Another gem I heard while on the ulty field was ‘good is the enemy of great’. Being good is, well, good. But, it will never get you to great, to beyond your plateau, if you are satisfied with mediocracy. Again, this was in reference to ultimate frisbee. These are life lessons, hard fought on the field, but remembered off the field, at times when most needed.
David Brooks, a columnist with the New York Times, wrote recently
“Mastering an academic discipline is an exponential domain. You have to learn the basics over years of graduate school before you internalize the structures of the field and can begin to play creatively with the concepts…You’ve got to be bullheaded to work hard while getting no glory.”
These words struck a chord in me. As I work through my literature list, preparing for my comps (arguably a ‘no glory’ occupation of my time), I was reminded that this journey is not about the short-term gratification; progress is slow, and steps forward often take a few steps back from time to time. But, it is a lot of work to reach those 10,000 hours. And, perhaps to reach the point at which one becomes a ‘master’ requires more than those 10,000 hours, as not all hours are created equal (another life lesson learned at POLIS).
Brooks makes the analogy of progress and growth to ‘waves’ which deposit knowledge upon the banks of ones mind. Each subsequent wave deposits just a little more. And, each time a wave rolls in, you are able to understand its function, structure, and recognize its sound just a little better. This reminded me of a conversation I had with my supervisor one day. I have insisted, from quite an early stage in my degree, to use resilience theory as my theoretical lens to look at water issues. I made the comment that the first time I engaged with the theory, it made little sense (with a mark that reflected this!). The next time I engaged with the literature on resilience, it made slightly more sense. And, now as I work through the literature on resilience theory, it is even more clear (though far from crystal).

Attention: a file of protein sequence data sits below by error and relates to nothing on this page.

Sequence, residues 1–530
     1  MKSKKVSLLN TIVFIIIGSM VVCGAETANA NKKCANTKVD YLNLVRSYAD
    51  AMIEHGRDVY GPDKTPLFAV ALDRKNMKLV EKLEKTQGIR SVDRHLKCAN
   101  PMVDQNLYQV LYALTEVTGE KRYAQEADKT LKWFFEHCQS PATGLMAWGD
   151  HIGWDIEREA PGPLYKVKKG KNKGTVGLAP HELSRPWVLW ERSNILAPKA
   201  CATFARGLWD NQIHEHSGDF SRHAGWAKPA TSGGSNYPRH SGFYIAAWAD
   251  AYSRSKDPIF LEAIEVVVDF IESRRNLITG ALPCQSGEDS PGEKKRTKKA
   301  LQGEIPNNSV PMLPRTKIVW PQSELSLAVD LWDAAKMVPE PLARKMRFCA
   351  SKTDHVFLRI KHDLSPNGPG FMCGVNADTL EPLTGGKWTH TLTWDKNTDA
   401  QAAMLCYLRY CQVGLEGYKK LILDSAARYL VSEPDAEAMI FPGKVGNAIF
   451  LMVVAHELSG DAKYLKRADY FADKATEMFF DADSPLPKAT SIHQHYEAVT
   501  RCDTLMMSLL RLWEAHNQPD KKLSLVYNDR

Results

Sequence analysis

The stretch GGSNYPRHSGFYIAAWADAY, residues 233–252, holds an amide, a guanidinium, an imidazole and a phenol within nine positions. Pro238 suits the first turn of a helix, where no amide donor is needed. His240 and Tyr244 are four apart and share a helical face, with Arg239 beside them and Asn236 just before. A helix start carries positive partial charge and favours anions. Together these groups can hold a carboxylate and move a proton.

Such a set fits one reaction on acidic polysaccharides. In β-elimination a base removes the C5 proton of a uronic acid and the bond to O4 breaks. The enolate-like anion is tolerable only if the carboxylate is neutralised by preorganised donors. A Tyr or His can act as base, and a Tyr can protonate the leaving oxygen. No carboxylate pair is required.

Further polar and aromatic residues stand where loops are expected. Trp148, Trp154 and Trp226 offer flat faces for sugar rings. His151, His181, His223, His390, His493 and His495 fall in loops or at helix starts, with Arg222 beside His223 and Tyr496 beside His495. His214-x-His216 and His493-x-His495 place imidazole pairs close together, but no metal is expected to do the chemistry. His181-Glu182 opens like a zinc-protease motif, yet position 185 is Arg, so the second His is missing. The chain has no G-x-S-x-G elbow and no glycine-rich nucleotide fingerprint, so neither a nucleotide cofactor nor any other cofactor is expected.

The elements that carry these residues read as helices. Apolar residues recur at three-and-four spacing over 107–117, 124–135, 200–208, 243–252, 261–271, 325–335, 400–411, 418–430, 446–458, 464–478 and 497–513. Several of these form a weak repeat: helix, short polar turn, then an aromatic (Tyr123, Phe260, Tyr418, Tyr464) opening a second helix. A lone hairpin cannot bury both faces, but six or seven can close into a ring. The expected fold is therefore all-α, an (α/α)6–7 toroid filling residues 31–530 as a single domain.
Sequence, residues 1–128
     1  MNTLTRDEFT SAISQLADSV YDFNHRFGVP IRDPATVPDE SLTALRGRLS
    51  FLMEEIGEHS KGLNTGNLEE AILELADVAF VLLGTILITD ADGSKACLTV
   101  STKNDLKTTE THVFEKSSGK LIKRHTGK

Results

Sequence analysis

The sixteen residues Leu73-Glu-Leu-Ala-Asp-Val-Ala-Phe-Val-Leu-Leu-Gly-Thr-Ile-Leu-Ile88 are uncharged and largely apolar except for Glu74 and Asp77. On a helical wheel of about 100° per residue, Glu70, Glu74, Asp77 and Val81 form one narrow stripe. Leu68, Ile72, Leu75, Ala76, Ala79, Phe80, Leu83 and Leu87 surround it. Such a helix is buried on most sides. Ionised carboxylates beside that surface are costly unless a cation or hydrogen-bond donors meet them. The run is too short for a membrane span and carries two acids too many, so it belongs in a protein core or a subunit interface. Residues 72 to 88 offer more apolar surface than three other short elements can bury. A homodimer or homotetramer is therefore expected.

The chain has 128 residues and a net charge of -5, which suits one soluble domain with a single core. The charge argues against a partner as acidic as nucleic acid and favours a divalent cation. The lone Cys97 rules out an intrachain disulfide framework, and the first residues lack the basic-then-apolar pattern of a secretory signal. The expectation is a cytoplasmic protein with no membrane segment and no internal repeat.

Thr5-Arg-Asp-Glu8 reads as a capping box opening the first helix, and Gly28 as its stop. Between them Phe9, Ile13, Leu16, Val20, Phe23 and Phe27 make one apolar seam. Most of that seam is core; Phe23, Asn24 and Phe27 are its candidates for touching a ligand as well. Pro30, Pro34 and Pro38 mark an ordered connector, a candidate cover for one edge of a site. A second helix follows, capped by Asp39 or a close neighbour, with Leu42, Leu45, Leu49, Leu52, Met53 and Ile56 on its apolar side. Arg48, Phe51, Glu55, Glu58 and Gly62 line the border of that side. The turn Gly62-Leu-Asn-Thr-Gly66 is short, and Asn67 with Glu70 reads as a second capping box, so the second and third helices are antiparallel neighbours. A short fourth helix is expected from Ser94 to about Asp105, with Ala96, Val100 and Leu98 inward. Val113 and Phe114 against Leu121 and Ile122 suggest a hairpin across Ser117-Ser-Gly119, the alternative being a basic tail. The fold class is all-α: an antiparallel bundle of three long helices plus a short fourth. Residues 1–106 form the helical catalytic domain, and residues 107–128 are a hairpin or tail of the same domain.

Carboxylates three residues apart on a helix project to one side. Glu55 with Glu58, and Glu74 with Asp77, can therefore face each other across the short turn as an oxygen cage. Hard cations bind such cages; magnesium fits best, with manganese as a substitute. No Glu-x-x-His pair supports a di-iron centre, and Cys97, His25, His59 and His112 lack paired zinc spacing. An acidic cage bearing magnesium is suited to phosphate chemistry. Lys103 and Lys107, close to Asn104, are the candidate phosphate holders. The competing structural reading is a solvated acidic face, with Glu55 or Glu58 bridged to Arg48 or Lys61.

But, that is not necessarily the point – to get it entirely now. Those who appear to have endless depths of knowledge on any given topic most likely put in those 10,000 hours +, with wave after wave depositing knowledge into their brain.
I will revisit this blog by Brooks, especially at times when I sink into the depths of listlessness, where im bound to be battered by the storms of understanding the literature while charting my own course for what I can contribute to my particular field, and with fighting the internal dialogue that questions whether I have the mental fortitude to continue. At these times, I will be reminded of these words, again, from Brooks:
“You have to go down and explore your own failures before you can conquer them. You have to taste humiliation before you can aspire toward excellence.”